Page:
KKR backs strategic communications specialist FGS Global; PE deals plummeted last month

PE deals take a nosedive.

Good morning, dealmakers. MK Flynn here with today’s Wire.

Here’s a deal to start your day: KKR just announced a growth investment in FGS.

But, yes, it’s slow out there. And now we’ve got the numbers to prove it. See below for data on March dealflow. One silver lining: it’s a great time to attend conferences and network with colleagues.

Next week, I’ll be interviewing a Blackstone exec at a PEI Group conference in New York. Details below.

First up, a “boardroom issue”
This morning, KKR announced a growth investment in FGS Global, a strategic advisory and communications firm headquartered in New York with offices all over the world.
KKR will become a minority investor alongside FGS employees and majority shareholder WPP. The PE firm is making the investment through the KKR European Fund VI, which announced its final close earlier this month.

“Our investment in FGS is the latest example of our focus on proprietary, strategic partnership investments where we are providing long-term capital and a global network of resources to an entrepreneurial management team and alongside a world-class business,” Philipp Freise, partner and co-head of European Private Equity at KKR. “Stakeholder engagement is a boardroom issue and we are confident that FGS, with whom we have enjoyed a long-term relationship, is well positioned to capitalize on significant growth opportunities ahead as a global category leader in the growing management consulting service industry.”

FGS was created through a combination of strategic communications and public affairs firms: Finsbury, The Glover Park Group, Hering Schuppener, and Sard Verbinnen & Co.

Way down
“Global private equity deal value and volume tumbled year over year in March and in the first quarter,” finds new data and analysis from S&P Global Market Intelligence.

In March, the number of deals declined 48.9 percent to 885, down from 1,733 a year prior.
Deal value for the month was down 37.1 percent year over year. Overall private equity entries for March totaled $63.42 billion, compared with $100.86 billion in the same period a year ago.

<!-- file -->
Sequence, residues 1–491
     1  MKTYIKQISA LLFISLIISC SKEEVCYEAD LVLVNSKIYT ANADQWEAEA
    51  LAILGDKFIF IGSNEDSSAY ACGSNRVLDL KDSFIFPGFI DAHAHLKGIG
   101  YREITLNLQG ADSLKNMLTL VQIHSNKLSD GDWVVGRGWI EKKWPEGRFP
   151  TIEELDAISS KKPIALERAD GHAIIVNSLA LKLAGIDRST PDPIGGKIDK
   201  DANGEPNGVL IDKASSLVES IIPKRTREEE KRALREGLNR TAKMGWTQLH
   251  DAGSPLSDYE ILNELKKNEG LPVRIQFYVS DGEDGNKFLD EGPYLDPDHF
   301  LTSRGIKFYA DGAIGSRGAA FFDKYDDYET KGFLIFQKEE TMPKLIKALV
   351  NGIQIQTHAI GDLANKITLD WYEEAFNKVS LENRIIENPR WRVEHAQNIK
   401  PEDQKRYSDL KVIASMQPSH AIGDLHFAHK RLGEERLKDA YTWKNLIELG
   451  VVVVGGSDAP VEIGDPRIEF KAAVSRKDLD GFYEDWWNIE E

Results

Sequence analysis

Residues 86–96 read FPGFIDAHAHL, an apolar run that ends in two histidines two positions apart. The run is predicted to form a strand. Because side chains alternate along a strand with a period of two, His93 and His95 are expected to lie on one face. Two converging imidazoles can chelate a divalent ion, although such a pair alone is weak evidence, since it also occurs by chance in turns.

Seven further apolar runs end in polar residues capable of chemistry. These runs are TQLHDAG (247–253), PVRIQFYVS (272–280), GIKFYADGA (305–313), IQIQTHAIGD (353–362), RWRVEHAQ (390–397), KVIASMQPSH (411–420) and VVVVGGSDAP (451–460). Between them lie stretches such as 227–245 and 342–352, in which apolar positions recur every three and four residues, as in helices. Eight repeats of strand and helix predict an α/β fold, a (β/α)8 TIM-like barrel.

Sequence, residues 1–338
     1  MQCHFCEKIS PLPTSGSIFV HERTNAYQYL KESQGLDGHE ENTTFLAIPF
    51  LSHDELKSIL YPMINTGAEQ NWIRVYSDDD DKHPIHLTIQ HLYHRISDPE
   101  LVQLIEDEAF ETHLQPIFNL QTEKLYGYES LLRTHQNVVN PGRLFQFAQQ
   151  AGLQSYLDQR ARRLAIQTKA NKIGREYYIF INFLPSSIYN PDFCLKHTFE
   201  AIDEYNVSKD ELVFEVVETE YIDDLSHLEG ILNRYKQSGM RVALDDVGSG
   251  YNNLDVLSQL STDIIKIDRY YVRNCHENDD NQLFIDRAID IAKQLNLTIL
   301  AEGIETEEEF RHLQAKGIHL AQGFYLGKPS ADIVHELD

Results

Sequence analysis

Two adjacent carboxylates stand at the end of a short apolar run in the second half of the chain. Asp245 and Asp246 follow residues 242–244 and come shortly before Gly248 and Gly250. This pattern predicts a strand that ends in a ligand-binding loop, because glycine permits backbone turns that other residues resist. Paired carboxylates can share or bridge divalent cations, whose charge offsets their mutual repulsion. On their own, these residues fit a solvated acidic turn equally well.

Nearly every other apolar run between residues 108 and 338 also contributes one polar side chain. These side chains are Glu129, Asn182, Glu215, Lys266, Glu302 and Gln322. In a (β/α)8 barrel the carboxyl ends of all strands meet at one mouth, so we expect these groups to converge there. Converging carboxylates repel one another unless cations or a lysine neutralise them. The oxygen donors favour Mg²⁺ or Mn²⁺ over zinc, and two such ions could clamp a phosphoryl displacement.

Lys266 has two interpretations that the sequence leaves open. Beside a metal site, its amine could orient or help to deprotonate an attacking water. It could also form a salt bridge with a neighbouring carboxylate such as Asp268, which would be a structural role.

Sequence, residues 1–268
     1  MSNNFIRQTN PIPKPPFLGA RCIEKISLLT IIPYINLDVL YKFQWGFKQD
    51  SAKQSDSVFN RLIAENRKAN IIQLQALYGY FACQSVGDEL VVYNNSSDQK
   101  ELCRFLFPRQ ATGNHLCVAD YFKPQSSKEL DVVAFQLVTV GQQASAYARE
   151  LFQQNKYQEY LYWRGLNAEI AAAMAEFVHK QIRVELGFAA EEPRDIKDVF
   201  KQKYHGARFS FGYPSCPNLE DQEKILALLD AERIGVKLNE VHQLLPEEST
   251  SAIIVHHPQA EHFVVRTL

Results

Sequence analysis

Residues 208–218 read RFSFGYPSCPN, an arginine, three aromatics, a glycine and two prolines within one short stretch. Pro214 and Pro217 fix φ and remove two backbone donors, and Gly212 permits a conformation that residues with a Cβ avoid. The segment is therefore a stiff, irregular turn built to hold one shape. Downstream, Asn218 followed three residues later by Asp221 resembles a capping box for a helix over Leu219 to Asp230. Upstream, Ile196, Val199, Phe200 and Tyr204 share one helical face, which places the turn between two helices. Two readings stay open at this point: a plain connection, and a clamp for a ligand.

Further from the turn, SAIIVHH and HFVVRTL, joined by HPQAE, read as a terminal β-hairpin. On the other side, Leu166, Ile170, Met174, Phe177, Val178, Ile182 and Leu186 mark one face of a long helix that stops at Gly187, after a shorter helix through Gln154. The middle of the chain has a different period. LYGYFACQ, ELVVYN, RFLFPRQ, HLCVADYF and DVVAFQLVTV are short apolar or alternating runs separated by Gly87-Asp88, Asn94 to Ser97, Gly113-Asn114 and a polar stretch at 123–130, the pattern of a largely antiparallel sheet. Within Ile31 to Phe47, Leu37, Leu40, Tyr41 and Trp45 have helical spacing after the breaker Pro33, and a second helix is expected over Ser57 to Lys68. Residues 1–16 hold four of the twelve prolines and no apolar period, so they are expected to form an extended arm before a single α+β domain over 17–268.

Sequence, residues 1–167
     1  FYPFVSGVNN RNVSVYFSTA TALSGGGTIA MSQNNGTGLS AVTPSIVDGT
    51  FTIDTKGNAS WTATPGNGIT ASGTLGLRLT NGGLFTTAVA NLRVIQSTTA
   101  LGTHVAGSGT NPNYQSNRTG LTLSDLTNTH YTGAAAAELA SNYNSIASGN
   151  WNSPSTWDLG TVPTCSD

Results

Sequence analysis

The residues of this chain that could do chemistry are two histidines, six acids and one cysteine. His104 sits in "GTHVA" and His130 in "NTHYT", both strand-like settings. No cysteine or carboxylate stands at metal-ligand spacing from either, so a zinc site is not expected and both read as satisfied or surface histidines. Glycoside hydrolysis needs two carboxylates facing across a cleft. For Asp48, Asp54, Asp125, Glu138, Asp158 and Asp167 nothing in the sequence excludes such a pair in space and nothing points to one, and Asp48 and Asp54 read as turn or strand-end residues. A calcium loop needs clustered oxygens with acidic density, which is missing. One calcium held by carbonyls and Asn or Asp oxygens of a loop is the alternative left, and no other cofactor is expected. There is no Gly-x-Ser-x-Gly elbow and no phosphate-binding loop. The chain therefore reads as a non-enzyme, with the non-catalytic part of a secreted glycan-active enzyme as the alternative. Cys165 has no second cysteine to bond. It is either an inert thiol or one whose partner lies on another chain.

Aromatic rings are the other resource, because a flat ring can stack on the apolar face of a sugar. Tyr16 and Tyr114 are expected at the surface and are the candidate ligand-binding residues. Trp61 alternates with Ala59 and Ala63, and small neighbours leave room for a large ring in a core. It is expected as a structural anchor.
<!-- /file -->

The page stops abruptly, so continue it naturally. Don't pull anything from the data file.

For Q1, the number of deals slipped to 2,873 deals, down from 5,017 transactions in 2022. Total transaction value declined 48.6 percent year over year to $122.81 billion from $238.91 billion.

Tech remains bright
The technology, media and telecommunications sector continued to receive the most capital from investors during the month, bringing in $32.97 billion in total transaction value, up slightly from $32.16 billion in the same period in 2022.

The largest PE transaction announced in March was Silver Lake and Canada Pension Plan Investment Board’s agreement to buy experience management (XM) specialist Qualtrics International from SAP America for about $10.44 billion in an all-cash take-private deal.

As I mentioned yesterday, PE Hub’s Obey Martin Manayiti is working on a story about what’s driving PE-backed enterprise software deals. Look for that later in the month.

The second-biggest announced deal for the month was Apollo’s $8.16 billion acquisition of specialty chemical and ingredient distributor Univar Solutions from Parcom Capital Management.

Deals in the industrial and financial services sectors both declined in March. Industrial deals reached $11.15 billion in total deal value, down from $23.78 billion in March 2022; financial companies secured $7.53 billion last month, down from $17.31 billion the previous year.

Conference time
One deal announced in March suggests the events industry is back: Blackstone is buying Cvent from Vista Equity Partners for $4.6 billion in a take-private deal.

“The continued events and travel recovery is one of Blackstone’s highest-conviction investment themes,” said David Schwartz, a senior managing director at Blackstone, in the deal announcement. “Given our extensive experience in the hospitality, events and real estate sectors, we believe Blackstone is well positioned as a growth partner for this exceptional business.”

Vista acquired Cvent in 2016 for $1.65 billion. Since then, Cvent has more than tripled its annual revenues, according to the company.

Speaking of Blackstone and conferences….
On Wednesday, April 19, I’ll be conducting a Fireside Keynote Chat with Arielle Gross Samuels, managing director, global head of marketing for Blackstone, at PEI Group’s 18th annual Investor Relations, Marketing & Communications New York Forum. (Note: PEI is the owner of PE Hub.)

We’ll be discussing “future-proof marketing” for private markets.

Before joining Blackstone, Samuels worked at Meta (Facebook), serving as the global head of ESG business and previously business lead of global business marketing. Prior to Meta, Samuels worked at Deloitte in engineering consulting.

It should be a very interesting conversation, and I hope to see you there!

That’s it for today. Tomorrow, Buyouts’ Chris Witkowsky will write the Wire, as per usual on Wednesdays. I’ll be back on Thursday.

Until then, happy dealmaking,